•    Teach pupils how they can influence decision-making through the democratic process
•    Democracy linked assemblies
•    Forge links with local MPs and Councillors
•    Provide pupils with a broad general knowledge of, and promote respect for, public institutions and services – IMPS (Injury Minimisation programme) visit, Junior Citizens programme
•    Close links with Police Community Support Officer
•    Include in the curriculum information on the advantages and disadvantages of democracy and how it works in Britain
•    Help pupils to express their views
•    Teach pupils how public services operate and how they are held to account
•    Model how perceived injustice can be peacefully challenged
•    Annual pupil survey giving children a chance to be heard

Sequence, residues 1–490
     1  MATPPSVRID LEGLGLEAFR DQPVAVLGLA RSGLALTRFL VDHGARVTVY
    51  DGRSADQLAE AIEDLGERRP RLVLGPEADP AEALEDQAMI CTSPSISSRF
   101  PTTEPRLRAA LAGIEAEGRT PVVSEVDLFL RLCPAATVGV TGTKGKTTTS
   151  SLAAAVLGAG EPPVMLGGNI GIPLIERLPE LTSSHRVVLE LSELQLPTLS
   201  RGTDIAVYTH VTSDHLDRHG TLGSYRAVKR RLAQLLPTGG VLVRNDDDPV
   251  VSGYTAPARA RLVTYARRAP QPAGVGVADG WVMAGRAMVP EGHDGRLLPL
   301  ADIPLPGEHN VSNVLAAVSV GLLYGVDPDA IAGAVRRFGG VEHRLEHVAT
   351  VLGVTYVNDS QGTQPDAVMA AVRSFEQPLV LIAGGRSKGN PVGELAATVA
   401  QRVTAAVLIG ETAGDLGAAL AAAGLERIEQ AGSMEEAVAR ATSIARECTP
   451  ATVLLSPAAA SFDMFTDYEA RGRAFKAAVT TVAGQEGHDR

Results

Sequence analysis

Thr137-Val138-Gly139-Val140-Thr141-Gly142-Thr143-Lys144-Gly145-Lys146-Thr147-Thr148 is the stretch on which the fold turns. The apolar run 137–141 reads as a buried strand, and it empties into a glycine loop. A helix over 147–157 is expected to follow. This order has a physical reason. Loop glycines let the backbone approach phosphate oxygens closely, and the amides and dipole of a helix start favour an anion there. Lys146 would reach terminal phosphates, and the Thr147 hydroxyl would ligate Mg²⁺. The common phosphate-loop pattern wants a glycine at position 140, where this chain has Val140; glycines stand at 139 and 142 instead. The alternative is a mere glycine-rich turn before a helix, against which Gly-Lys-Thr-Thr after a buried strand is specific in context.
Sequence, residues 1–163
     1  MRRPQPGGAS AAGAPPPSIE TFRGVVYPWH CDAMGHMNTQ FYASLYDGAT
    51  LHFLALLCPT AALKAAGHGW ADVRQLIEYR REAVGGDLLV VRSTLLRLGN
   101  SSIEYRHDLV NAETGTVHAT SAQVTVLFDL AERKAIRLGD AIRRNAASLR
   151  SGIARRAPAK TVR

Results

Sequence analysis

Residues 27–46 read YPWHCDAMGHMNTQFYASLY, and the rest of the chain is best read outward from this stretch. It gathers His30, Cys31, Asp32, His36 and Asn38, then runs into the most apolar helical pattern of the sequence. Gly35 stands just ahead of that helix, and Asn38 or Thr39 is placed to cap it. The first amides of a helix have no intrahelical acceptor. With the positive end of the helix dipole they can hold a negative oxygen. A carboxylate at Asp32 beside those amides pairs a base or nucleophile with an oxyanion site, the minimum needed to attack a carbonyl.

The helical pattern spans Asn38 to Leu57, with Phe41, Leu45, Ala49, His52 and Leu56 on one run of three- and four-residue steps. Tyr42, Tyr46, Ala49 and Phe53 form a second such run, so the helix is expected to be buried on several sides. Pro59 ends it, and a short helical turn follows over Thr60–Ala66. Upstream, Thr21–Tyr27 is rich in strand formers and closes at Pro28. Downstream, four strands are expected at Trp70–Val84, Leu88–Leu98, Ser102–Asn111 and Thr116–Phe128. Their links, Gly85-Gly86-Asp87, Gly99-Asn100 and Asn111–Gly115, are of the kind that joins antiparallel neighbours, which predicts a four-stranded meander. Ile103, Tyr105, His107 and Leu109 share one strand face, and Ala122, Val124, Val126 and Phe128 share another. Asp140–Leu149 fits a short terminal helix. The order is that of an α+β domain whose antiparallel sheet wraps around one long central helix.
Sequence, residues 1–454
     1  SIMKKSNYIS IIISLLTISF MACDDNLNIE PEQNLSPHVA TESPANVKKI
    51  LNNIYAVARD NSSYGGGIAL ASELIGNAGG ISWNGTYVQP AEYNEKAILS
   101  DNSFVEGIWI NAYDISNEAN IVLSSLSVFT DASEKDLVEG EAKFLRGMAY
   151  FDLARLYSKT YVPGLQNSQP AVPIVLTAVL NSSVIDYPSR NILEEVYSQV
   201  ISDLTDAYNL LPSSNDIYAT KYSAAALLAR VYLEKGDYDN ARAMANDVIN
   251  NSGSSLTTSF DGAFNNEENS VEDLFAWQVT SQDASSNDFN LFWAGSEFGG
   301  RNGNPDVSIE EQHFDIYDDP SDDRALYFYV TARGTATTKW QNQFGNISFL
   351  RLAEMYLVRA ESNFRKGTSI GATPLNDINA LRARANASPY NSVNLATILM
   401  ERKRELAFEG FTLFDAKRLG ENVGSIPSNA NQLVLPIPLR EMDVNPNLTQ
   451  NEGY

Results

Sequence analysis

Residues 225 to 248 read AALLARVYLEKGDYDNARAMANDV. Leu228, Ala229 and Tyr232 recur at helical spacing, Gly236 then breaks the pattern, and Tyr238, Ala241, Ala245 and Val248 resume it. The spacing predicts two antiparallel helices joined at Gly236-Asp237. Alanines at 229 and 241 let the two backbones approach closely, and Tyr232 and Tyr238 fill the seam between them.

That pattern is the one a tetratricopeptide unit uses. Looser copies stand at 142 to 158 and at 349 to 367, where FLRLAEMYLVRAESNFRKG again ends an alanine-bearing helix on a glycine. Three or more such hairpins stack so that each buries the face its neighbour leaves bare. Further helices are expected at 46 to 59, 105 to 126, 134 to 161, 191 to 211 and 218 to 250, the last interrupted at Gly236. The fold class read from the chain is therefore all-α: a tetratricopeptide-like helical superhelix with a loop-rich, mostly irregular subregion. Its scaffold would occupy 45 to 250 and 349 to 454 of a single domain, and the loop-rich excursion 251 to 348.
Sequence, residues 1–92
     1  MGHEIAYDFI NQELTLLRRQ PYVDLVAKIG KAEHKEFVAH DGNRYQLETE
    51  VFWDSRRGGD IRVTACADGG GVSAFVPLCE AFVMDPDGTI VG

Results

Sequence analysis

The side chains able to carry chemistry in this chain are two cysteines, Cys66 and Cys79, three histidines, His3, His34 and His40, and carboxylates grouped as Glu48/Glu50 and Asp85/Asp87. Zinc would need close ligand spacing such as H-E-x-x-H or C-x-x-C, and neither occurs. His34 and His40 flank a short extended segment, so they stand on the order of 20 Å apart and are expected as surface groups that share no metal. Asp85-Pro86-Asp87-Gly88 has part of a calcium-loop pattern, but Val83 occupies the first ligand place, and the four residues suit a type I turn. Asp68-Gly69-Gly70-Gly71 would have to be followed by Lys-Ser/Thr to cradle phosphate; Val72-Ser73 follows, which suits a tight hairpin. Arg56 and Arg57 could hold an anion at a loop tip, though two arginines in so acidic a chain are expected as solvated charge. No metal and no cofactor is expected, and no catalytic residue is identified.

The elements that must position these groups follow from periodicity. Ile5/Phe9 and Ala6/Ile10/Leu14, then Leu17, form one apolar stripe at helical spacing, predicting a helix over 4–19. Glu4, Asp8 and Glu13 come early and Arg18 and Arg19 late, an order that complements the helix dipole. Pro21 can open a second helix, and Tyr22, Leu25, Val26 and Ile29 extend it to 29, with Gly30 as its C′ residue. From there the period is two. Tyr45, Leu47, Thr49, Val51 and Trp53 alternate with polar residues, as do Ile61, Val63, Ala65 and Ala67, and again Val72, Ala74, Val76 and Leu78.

•    Involve children in applying for Eco-Status

The Rule of Law – What do We Do?
•    Ensure school rules and expectations are clear and fair
•    Help pupils to distinguish right from wrong
•    Help pupils to respect the law and the basis on which it is made
•    Help pupils to understand that living under the rule of law protects individuals
•    Include visits from the police in the curriculum -talk to Y6 on age of criminal responsibility
•    Teach pupils aspects of both civil and criminal law and discuss how this might differ from some religious laws
•    Develop restorative justice approaches to resolve conflicts
•    Involve children in review of School Behaviour policy – through School Council and assemblies
•    Provide children with opportunities to reflect on their own behaviour
•    Provide children with opportunities to reflect on behaviour in the school through pupil surveys
•    Ask all children to sign a Home/School Agreement

Individual Liberty - What Do We Do?
•    Ensure school rules and expectations are clear and fair
•    Support pupils to develop their self-knowledge, self-esteem and self-confidence – PSHCE, SEAL
•    Promote personal motivation through Building Learning Power